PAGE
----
Climate change poses real threats to Indonesia, China

Wildfires in Indonesia . . .

The wildfires in Indonesia have scorched an estimated 800,000 acres of rain forest. Between August 1 and September 22, about 450 million tons of carbon dioxide was released into the air from these fires. Earlier this week, skies turned red across parts of Indonesia as fire-induced haze emerged. The damage caused by Indonesian wildfires this year is comparable to that suffered in 2015, which impacted the health of millions. While the main cause of wildfires is the ‘slash and burn’ practice in Indonesia, experts note that the dry weather and global warming have exacerbated the situation.

Shanghai headed underwater?

Indonesia won’t be the only ‘victim’ of climate change, according to research from the National Snow and Ice Data Center in the U.S. The Center estimated that 55 million tons of Greenland ice melted into the ocean between July 30 and August 2 of this year, and suggested that a rise of sea levels at a catastrophic level may occur sooner than expected. Beijing is increasingly concerned that Shanghai and other Chinese coastal cities will be dramatically impacted by these rising sea levels.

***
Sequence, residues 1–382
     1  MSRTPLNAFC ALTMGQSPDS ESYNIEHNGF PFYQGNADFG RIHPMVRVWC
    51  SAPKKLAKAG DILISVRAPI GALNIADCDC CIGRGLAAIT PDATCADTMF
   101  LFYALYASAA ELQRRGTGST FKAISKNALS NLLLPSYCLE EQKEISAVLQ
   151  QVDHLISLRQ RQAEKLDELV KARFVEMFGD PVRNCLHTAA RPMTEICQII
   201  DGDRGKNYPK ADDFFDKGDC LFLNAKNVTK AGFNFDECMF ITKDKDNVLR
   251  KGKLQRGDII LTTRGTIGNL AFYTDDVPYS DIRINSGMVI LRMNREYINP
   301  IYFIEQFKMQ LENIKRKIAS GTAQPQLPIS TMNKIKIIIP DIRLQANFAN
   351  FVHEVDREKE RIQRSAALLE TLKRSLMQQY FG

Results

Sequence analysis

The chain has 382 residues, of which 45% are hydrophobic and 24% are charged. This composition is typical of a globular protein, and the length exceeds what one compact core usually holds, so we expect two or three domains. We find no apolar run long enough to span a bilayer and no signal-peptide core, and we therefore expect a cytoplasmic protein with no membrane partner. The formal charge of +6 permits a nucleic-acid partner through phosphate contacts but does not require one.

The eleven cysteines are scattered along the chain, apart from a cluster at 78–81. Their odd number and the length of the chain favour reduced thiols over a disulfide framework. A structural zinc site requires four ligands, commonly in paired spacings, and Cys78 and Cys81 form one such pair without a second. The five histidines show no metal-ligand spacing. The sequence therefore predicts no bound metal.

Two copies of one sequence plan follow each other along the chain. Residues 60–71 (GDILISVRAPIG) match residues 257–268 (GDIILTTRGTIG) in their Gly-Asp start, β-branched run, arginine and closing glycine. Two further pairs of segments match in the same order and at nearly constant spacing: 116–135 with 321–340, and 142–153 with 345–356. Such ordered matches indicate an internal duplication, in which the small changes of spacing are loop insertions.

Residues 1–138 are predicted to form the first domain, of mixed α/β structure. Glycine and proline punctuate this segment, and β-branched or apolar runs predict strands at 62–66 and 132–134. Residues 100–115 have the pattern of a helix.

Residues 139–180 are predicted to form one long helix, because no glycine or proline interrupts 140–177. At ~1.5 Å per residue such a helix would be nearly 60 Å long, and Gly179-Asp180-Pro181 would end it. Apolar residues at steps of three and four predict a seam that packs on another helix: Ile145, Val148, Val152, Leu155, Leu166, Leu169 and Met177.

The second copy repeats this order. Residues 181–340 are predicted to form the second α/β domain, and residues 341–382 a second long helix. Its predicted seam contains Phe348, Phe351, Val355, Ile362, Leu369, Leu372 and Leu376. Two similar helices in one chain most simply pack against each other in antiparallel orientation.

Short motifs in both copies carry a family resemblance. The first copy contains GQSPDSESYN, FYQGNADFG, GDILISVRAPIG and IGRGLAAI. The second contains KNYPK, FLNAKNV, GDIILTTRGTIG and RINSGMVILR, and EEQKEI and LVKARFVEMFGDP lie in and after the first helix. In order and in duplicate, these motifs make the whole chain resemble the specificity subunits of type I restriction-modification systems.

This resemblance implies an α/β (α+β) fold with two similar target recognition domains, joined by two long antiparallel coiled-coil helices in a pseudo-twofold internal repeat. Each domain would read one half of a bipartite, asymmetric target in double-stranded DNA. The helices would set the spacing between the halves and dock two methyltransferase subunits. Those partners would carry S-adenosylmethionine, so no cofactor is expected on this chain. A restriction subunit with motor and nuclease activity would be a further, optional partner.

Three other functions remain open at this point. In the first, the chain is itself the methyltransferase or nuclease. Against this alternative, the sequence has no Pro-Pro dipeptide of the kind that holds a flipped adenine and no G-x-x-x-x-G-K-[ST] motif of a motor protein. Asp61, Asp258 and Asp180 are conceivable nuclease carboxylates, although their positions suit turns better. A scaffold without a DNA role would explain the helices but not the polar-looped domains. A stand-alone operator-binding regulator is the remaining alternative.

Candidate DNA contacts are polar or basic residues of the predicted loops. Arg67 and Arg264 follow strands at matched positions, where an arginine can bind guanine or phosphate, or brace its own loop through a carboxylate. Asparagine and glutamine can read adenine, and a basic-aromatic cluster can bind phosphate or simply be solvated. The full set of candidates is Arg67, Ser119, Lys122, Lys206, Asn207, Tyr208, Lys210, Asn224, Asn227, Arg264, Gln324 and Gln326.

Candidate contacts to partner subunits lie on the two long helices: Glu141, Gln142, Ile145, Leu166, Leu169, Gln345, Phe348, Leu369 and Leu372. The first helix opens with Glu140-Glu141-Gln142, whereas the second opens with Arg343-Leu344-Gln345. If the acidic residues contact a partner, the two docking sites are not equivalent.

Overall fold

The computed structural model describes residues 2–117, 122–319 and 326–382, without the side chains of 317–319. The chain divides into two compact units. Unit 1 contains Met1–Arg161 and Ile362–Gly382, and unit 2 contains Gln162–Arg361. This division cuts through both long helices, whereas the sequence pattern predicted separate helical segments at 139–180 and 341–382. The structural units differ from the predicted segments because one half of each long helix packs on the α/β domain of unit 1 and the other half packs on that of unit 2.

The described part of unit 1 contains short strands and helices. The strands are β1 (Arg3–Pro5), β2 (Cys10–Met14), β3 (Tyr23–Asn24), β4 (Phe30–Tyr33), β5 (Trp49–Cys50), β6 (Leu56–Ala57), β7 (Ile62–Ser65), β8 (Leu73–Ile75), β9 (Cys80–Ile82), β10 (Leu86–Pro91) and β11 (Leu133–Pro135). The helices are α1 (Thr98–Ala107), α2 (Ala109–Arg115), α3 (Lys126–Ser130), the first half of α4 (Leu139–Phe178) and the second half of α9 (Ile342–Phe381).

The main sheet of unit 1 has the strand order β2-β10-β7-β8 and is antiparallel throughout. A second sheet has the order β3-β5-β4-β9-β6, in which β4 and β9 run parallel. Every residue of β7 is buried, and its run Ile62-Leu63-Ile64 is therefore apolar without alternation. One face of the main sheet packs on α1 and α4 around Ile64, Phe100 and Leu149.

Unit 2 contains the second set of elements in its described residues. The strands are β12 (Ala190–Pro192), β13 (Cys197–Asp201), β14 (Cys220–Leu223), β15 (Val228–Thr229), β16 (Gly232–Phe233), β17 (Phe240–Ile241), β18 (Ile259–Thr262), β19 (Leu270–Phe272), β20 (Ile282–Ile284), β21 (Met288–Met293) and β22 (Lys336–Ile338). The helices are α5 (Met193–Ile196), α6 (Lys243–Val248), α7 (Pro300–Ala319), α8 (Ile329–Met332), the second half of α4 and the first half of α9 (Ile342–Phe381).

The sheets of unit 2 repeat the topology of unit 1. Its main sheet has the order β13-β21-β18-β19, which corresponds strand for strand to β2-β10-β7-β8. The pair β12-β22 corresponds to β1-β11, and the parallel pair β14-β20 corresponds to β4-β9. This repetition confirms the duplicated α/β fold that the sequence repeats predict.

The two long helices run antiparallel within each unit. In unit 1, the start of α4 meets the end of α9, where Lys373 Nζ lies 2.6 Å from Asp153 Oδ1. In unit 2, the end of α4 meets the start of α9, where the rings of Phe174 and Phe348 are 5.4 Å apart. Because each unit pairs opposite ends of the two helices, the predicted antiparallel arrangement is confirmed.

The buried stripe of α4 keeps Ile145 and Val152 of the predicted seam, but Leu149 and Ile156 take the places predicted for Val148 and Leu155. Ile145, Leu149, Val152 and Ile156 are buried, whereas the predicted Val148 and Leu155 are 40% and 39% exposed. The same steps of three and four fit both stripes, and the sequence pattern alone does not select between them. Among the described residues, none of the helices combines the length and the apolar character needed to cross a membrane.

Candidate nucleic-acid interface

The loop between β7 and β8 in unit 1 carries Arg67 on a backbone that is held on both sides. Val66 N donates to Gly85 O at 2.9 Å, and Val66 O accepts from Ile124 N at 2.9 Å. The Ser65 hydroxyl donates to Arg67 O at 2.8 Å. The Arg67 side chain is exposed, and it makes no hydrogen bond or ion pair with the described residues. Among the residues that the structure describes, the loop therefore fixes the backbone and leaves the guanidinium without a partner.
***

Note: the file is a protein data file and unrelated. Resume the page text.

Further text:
No further commitment at the UN . . .

Despite these clear ‘warnings,’ there are no signs of more ambitious plans to tackle climate change on the global stage. World leaders are in New York this week to address the crisis at the UN Climate Summit, but neither China nor the U.S. have shown a willingness to make a meaningful move, while a handful of countries have proposed only incremental changes. The inertia in the UN contrasts starkly with 16-year-old climate activist Greta Thunberg’s desperate, urgent call for action that is catalyzing worldwide climate strikes, largely by global youth.